Sunday, April 15, 2012

Town vs. Country: A Time Perspective

Have you ever noticed how things move much faster in cities than in the country? That is because the close aggregation of people in cities speeds up time. The greater the distance between people, the longer it takes to do anything. This is why Sundays in New York City only take 3 hours, but a Sunday in Toccoa, Georgia takes all day and half of Monday.

I was reminded of this after a recent trip from Atlanta to Toccoa. I left by wagon early on a Sunday morning and was out of town and headed northeast in less than an hour. As soon as we passed the Atlanta city limits, though, our pace slowed considerably. For every mile that my mule Bleb carried the wagon forward, half a day would pass. We eventually reached our destination, but it took six months. By that time a rail line had been laid in. This angered the client I was travelling to see; he refused to pay travel expenses since I was obviously following the longest route, and it upset Bleb no end when he found out he could have taken the sleeping car.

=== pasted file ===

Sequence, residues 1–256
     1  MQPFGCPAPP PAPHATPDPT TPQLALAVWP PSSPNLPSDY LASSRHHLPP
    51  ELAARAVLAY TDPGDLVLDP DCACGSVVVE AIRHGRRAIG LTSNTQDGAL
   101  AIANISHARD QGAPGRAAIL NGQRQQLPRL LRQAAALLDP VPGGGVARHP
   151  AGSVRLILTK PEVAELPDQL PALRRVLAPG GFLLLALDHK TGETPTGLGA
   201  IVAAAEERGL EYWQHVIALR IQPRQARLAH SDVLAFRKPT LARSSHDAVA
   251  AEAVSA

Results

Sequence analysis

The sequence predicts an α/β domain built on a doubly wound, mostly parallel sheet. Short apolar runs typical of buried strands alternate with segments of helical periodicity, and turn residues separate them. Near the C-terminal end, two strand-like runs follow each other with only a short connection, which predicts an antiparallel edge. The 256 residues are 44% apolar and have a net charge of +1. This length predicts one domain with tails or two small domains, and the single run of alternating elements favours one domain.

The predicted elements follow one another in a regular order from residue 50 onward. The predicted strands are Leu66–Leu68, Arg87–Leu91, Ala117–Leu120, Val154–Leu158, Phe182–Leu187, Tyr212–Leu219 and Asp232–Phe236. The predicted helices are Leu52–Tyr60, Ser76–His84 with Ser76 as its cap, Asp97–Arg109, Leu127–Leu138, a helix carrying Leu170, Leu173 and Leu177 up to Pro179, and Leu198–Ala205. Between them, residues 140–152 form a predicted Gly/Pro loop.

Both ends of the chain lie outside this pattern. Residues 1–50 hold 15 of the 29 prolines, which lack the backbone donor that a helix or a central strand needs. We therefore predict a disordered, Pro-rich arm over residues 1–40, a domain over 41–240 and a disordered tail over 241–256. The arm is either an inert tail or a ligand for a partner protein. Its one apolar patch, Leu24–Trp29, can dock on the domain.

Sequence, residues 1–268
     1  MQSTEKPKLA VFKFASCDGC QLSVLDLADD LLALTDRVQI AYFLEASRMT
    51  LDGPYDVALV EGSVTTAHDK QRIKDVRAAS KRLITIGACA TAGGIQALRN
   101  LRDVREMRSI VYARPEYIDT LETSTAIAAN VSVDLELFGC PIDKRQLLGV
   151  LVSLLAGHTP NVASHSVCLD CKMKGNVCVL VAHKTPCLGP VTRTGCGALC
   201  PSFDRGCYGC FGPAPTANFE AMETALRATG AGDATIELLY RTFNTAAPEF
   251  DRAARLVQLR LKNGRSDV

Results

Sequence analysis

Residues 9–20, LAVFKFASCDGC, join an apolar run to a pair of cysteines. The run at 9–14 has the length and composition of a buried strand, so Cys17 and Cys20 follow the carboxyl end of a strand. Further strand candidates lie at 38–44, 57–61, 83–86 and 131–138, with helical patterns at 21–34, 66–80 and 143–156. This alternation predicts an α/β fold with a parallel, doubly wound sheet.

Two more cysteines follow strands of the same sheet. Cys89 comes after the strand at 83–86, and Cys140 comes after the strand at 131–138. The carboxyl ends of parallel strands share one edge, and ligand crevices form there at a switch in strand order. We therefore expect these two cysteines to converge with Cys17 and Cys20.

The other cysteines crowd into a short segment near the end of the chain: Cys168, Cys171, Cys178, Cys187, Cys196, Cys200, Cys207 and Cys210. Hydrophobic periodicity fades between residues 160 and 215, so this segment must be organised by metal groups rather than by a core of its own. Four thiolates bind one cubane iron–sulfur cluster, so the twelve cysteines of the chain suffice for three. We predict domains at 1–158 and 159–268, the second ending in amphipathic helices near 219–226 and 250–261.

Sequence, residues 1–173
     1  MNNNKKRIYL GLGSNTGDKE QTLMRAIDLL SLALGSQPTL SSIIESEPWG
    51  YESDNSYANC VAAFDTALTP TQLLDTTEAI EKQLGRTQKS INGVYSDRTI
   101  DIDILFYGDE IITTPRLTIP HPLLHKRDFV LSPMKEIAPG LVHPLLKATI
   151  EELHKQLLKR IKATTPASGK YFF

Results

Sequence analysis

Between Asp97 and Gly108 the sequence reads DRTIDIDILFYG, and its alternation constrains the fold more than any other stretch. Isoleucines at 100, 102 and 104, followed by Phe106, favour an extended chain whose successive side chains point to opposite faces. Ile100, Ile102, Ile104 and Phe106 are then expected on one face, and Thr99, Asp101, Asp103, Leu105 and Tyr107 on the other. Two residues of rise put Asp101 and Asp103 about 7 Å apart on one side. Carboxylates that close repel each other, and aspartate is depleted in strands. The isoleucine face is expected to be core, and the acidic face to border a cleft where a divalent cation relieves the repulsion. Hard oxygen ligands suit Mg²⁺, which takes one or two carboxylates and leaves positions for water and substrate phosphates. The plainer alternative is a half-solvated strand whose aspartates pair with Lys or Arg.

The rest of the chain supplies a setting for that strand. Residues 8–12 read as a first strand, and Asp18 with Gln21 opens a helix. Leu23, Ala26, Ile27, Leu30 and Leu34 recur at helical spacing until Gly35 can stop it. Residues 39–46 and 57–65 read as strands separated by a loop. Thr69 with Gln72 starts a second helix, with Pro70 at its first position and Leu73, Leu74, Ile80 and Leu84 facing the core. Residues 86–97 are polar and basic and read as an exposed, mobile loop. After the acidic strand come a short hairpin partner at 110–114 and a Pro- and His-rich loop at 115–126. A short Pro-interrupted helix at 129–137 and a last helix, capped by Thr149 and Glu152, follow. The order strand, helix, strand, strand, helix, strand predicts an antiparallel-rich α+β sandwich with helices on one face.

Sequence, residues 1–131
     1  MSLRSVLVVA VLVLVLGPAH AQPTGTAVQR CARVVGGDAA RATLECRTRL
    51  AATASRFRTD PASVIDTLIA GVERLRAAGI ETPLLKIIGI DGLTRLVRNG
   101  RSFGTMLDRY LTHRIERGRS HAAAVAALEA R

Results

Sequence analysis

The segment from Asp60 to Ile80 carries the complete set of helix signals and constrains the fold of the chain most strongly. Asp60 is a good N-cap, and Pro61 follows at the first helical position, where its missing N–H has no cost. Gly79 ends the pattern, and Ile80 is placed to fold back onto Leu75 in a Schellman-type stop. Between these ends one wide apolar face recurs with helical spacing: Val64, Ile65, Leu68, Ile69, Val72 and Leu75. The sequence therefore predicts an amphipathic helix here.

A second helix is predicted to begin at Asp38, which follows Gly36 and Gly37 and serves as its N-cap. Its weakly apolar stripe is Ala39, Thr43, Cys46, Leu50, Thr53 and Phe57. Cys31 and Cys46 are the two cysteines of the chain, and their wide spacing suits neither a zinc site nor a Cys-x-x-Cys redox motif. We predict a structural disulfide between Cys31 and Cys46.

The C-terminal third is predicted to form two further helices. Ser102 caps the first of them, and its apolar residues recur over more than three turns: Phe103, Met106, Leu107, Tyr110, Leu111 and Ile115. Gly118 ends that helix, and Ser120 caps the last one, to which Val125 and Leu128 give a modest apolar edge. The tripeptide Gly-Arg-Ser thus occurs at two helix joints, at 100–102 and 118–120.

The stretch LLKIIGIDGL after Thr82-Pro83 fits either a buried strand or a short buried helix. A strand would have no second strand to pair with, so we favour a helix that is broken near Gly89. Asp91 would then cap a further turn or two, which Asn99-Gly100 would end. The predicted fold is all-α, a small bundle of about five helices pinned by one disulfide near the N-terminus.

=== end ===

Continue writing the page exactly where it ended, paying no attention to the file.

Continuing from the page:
From now on, on such trips I will blindfold Bleb. It may be that he can maintain a good pace as long as he thinks people are nearby. I will also tell him that the shortest distance between two points is usually the one for which you get paid.

Copyright © 2012 Laurie J. Anderson. All rights reserved.

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